In addition to limited resources, charities also face strong competition, as the diversity of needs demands a diversity of charities covering those needs. Thus, the number of charitable organisations is likely to further increase (Anderson, 2017; Hyndman, 2017). Yet, studies have shown that with this particular development comes the necessity to create stronger distinguishing features given that there is a multitude of charities competing for donations while the public is becoming increasingly overwhelmed with the amount of seemingly similar donation appeals (Hopkins et al., 2014; Abdy and Barclay, 2001). Wühle (2017) points out that a holding on to outdated perceptions of moral and social behaviour cannot suffice anymore as a foundation of the management of charitable fundraising. Thus, he implies that the third sector needs to adapt with novel marketing strategies being at the core of this adaptation (Tarman, 2017; Bennett and Gabriel, 2003).

The notion of an increasingly business like third sector (Hurrell et al., 2011) justifies the general suggestion to make use of corporate marketing measures to enhance third sector performance. A key marketing strategy in this regard encompasses sponsorship marketing with the aim to enhance corporate brand equity. Despite the fact that there has been extensive research on charity marketing throughout the past decades, to the author’s knowledge there is no availability of a framework connecting said sponsorship to charity marketing to date. Given that sponsorship marketing proves to be a highly effective method in corporate marketing, an assessment of its potential for charity marketing could contribute to an extension of contemporary charity research and charity marketing performance measures.

Therefore, the study will focus on the understanding of sponsorship marketing and its potential for Scottish charities. The personal interest in the topic stems from a background of having volunteered with a Scottish disaster relief charity. Moreover, an academic background in event management, which is closely related to sponsorship marketing, will be used to make informed suggestions with regard to the feasibility of recommended measures and implementation approaches with the aim to provide a framework of how to integrate sponsorship into charity marketing.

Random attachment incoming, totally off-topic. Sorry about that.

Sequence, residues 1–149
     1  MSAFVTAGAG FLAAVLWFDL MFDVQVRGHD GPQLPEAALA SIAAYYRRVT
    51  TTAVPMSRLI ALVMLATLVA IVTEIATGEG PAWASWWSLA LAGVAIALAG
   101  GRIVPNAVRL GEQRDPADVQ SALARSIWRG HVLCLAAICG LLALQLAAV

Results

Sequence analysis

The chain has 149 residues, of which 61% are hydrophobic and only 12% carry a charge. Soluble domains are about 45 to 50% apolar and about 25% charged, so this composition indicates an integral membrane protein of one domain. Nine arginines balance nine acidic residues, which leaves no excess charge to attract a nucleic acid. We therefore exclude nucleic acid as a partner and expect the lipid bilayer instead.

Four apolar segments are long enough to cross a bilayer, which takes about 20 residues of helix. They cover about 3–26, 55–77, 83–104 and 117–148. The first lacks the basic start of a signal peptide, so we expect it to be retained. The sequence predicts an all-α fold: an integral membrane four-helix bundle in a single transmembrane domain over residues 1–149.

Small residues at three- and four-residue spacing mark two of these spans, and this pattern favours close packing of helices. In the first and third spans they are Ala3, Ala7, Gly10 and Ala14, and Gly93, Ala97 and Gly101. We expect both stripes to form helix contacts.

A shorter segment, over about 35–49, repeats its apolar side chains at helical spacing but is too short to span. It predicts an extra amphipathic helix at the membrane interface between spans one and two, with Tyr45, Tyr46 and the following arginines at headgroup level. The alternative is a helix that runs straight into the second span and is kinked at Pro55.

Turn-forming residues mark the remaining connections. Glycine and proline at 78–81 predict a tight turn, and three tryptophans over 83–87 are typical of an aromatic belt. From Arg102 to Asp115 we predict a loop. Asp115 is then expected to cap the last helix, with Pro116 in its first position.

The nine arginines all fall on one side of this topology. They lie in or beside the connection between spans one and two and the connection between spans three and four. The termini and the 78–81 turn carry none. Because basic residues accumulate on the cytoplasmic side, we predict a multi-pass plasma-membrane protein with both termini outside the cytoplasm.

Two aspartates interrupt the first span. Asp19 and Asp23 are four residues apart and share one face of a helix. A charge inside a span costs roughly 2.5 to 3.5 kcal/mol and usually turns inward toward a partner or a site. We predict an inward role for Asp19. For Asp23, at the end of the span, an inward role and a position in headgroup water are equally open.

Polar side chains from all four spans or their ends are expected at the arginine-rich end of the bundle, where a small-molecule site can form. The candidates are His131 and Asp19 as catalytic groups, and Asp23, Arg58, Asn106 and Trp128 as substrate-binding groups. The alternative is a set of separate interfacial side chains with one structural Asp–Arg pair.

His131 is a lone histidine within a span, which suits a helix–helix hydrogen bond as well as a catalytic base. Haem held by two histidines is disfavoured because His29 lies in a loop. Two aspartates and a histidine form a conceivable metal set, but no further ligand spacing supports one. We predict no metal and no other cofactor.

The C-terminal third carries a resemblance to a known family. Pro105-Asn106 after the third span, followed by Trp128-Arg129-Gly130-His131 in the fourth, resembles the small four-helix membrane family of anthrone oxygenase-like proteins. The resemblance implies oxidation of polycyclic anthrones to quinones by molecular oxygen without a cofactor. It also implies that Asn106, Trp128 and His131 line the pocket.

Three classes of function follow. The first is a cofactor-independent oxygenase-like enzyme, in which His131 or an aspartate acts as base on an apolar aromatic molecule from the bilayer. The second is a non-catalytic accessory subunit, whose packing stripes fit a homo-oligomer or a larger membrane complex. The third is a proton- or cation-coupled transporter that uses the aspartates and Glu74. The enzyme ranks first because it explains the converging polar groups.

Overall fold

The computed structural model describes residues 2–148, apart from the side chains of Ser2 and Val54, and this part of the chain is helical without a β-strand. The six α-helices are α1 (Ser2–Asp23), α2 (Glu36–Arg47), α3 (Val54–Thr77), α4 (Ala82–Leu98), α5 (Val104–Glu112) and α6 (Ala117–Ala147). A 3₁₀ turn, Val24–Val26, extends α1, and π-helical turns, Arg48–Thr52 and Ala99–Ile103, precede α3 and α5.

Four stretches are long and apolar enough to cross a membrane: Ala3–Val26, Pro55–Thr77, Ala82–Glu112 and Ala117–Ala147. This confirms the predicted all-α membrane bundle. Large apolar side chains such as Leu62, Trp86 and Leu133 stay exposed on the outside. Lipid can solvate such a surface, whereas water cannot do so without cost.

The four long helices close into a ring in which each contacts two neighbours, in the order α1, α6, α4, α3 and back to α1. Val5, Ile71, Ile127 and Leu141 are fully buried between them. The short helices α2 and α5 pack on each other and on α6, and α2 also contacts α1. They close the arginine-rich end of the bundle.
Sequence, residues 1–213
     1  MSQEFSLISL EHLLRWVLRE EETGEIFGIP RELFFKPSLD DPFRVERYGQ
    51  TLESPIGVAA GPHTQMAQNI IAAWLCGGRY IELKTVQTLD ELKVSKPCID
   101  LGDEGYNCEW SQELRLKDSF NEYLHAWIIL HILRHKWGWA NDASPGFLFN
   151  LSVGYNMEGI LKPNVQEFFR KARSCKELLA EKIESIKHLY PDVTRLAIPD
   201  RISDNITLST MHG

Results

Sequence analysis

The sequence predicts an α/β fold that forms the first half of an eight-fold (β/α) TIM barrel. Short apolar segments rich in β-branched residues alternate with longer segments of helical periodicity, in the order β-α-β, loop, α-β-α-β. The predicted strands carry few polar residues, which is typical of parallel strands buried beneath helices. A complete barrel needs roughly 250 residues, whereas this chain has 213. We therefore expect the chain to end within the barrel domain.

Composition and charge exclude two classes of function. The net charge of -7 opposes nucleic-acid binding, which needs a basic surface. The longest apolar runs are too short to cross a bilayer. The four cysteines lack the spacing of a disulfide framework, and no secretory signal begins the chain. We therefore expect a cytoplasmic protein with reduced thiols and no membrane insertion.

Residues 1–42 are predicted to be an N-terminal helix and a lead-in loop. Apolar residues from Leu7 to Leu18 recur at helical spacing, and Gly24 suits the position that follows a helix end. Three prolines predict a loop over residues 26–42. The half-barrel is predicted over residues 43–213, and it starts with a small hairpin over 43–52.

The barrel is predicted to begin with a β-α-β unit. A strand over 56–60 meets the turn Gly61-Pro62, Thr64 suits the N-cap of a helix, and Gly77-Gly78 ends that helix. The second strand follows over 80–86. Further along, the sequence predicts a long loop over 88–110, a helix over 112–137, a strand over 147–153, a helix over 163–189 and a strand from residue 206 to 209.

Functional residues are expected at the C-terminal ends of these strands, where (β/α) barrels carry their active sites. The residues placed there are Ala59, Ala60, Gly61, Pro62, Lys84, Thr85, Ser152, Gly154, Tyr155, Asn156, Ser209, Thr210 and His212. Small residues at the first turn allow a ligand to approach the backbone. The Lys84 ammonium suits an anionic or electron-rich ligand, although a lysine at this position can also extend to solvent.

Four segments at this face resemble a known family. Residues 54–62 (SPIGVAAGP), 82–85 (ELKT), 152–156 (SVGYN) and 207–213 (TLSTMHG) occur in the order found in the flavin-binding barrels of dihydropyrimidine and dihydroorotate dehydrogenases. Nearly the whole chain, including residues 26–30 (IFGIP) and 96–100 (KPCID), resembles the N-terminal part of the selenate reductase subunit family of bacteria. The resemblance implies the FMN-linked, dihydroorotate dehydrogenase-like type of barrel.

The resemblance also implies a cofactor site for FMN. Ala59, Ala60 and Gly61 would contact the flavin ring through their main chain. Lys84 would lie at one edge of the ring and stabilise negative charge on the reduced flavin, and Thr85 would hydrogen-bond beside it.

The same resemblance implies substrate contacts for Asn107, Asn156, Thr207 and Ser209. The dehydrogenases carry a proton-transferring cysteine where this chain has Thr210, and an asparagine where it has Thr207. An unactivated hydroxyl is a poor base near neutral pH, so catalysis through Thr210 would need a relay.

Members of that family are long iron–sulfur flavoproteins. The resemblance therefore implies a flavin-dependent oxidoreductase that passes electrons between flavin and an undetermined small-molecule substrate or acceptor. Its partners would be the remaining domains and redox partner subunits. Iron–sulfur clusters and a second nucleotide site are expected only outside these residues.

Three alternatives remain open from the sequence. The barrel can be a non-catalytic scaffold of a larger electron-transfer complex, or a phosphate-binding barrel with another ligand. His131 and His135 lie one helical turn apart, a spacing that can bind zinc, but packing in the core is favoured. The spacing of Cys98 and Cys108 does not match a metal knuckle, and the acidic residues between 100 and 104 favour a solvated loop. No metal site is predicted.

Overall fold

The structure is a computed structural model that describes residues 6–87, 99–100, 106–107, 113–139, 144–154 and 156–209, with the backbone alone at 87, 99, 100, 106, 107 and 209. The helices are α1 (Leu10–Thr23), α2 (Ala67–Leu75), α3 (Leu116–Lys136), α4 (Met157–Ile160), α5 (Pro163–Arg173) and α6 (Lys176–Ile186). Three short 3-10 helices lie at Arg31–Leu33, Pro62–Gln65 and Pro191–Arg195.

From an academic viewpoint, this study will hold the potential to examine current charity marketing measures in their effectiveness. To do so, a comprehensive literature review and a critical analysis of factors involved in the study will allow for an appraisal of marketing practices for charities. The critical literature review will be used as the foundation for the author’s primary research.

1.2 Aim and Objectives

The aim underpinning the research is to critically evaluate the understanding of sponsorship as a means to enhance internal and external marketing communications in relation to a potential implementation in charity communications. Subdivided into academic and strategic objectives, four key objectives support the overarching aim:

- Academic Objectives:

1. Review and critically assess the literature concerned with the third sector in Scotland, charity marketing communications and sponsorship to achieve a comprehensive understanding of the current level of research.

2. Analyse sponsorship to seek out starting points for an adaptation for the charity sector.

- Strategic Objectives:

3. Collect and analyse primary data.

4. Make recommendations for an adaptation of corporate sponsorship for Scottish charities.

1.3 Overview of the Research Approach and Methodology

The basic approach of the research (Jonker and Pennink, 2010) is built on the presumption that there is no fix reality. It hence is of inductive and explorative nature following a constructivist research approach. In addition to an extensive secondary research exploring related literature, the research involves the conduction of face-to-face interviews with a panel of experts. This sample is chosen based on a convenience sample replenished by a snowball sample for a greater diversity of respondents (Adams et al., 2007).

The overall research approach is coined by comparing the implementation of sponsorship in the corporate environment on the basis of Scotland-based companies with the potential of Scottish charities. Chapter 4 will shed further light on the research philosophy, approach, key themes identified in the interview responses and the detailed process of data collection.

2. Industry Context of the Third Sector

2.1 Introduction

The third sector – or also called voluntary or charity sector – is generally defined as “the part of an economy or society comprising non-governmental and non-profit-making organizations or associations, including charities, voluntary and community groups, cooperatives, etc.” (Third sector – definition of the third sector in English | Oxford Dictionaries, 2017). The multitude of aspects combined in this definition, however, implies that it does not suffice to solely view the third sector from one perspective or on the basis of one definition, as it encompasses a large number of entities, parties and influences (Corry, 2010).